I’m now at an internet cafe/dry cleaners conveniently located about a block up the street. It’s costing me all of $1.50 to be here so it’s actually pretty cheap and convenient (although this chair is uncomfortable).
And that’s my bullpoppy for today. I’m going home to gin my sorrows in comics and boozy. Did I say gin my sorrows…heh.
(Oh, and note to comments spammers. Frag off!)
Sitting in Laguardia airport with GAK, watching the planes land and the ground crew do their work. Three of the little carts that pull the luggage around move snake-like across the tarmac, with a rhythmic motion that looks practically choreographed.
Me - It looks like a dance
GAK - A Busby-Berkeley musical
Me - We just need a song
And literally seconds later from behind the terminal appears a plane adorned with green striping and on its tail fin is emblazoned the word “SONG”, which is Delta’s discount airline (I think).
Life is so curious sometimes.
Speaking of songs:
On an express subway to Grand Central Station, it stops at a station and four men get on. The automated voice states “Stand clear of the doors, please” and a PING sounds. The doors close and as if on cue, the four men, all adorned in some traditional mexican garb of some sort (one with a colourful poncho, another with a rather small sombrero on his head), burst into a boisterous, upbeat, somewhat traditional Spanish song, drowning out the noise of the train as it rolls over the tracks.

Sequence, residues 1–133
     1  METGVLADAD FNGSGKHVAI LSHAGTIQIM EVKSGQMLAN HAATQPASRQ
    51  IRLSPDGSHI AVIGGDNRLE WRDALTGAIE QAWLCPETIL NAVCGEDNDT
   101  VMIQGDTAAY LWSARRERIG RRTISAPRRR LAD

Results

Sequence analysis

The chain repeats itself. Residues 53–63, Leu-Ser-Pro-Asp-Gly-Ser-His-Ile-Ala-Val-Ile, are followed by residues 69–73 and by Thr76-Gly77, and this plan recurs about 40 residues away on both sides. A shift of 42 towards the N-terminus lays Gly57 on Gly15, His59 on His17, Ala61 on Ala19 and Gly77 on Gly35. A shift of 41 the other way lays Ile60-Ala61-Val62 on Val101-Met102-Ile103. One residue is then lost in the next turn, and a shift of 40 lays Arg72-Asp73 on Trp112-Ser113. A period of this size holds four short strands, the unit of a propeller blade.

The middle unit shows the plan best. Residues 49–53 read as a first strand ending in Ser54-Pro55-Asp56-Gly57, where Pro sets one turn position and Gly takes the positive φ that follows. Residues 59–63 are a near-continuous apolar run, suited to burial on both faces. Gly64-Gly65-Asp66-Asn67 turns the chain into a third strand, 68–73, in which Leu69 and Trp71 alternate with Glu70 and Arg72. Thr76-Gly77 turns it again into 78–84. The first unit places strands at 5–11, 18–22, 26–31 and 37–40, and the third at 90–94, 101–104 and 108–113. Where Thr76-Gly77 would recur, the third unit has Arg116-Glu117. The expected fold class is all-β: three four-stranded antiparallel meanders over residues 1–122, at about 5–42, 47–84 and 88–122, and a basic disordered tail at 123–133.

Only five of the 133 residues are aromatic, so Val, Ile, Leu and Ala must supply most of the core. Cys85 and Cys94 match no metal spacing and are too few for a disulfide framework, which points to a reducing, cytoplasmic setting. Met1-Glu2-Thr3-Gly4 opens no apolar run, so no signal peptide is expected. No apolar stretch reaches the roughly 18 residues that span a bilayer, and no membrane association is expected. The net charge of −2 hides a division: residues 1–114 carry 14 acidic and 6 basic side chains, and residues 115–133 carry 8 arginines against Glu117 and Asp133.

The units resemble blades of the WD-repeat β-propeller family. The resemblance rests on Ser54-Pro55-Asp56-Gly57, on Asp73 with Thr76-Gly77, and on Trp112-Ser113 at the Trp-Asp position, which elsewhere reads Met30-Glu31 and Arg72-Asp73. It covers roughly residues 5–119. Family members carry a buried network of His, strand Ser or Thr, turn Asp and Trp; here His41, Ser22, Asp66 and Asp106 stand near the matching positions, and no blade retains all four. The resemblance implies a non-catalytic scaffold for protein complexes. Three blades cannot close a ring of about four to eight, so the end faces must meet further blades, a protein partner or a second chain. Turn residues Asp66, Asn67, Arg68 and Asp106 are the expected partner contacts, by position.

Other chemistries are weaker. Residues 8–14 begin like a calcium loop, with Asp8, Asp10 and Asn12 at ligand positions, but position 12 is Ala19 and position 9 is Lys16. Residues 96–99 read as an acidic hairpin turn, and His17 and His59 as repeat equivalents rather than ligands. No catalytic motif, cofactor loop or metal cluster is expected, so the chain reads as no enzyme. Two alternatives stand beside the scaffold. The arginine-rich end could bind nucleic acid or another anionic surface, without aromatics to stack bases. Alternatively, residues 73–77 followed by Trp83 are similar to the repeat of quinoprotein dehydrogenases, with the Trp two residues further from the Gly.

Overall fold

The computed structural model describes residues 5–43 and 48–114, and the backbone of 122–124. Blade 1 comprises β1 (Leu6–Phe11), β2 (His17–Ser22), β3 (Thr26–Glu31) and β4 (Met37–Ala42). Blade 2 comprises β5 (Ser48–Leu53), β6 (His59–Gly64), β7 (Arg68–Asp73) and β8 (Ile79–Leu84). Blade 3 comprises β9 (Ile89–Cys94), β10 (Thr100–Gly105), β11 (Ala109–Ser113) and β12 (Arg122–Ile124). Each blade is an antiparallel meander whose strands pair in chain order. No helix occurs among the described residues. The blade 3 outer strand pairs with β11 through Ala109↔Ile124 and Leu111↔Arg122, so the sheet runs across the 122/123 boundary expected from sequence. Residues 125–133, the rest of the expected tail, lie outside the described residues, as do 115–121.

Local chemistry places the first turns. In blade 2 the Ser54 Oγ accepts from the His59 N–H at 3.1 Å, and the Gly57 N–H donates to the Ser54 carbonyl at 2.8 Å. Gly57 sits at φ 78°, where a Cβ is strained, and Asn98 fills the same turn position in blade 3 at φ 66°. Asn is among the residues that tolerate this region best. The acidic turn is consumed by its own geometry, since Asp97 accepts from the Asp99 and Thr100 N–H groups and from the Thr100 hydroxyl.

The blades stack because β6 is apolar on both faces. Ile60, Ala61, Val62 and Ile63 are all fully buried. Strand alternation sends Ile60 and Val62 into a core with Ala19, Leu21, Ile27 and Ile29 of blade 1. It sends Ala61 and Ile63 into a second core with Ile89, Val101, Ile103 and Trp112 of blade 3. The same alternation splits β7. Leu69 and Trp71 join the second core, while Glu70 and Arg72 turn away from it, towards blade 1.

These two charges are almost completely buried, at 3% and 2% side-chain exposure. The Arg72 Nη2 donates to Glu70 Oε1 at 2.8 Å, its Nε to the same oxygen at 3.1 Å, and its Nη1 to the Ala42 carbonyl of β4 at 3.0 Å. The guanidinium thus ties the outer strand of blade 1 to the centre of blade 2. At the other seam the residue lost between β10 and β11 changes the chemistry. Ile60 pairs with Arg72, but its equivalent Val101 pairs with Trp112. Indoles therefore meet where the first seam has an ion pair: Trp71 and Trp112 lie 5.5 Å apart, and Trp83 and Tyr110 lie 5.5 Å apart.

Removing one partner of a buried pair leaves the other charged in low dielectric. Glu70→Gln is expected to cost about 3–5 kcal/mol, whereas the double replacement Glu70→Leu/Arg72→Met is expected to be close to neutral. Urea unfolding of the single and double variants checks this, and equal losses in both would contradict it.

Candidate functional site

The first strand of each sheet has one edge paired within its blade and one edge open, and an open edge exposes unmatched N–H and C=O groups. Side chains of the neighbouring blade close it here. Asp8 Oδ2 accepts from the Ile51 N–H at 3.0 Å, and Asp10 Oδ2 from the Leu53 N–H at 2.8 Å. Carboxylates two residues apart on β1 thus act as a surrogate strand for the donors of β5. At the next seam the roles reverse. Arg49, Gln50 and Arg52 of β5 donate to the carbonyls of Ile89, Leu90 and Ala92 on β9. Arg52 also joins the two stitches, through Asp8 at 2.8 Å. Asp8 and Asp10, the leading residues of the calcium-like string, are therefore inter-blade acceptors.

The song lasts almost precisely the duration from one station to the next, and after collecting some change in a cowboy hat they move onto the next car on the train just before it begins to move again. There’s an absense when the subway gets rolling this time, as our time with the troubadors was all too brief.
This time the distance between stops is a little less, and after the train stops and the doors open I can hear the men, mid-song, belting out their tune, the sounds echoing in the station.
The whole thing was very surreal. A New York moment.
As we took the shuttle bus ($12.50) from Grand Central to Laguardia, I noticed the sign by the front door of the bus that said “IN THIS COUNTRY IT IS CUSTOMARY TO REWARD GOOD SERVICE WITH TIPS” with little gratuitous use of dollar signs both at the top and bottom of the sheet of paper.
When I got off the bus and retreived my bag from the bus’ undercarriage, I politely said thank you to the driver and went to go on my way. He said “What, no tip?”
I said “I’m sorry, but I’ve given all my money away at this point,” and asked GAK if he had any small bills. What I meant to say was, “A tip for what? Opening the door? For handing me my bag? For not crashing the bus? It cost 12.50 for a 20 minute ride to the airport. Give me a break.”
But I’m Canadian. We’re so polite on the outside.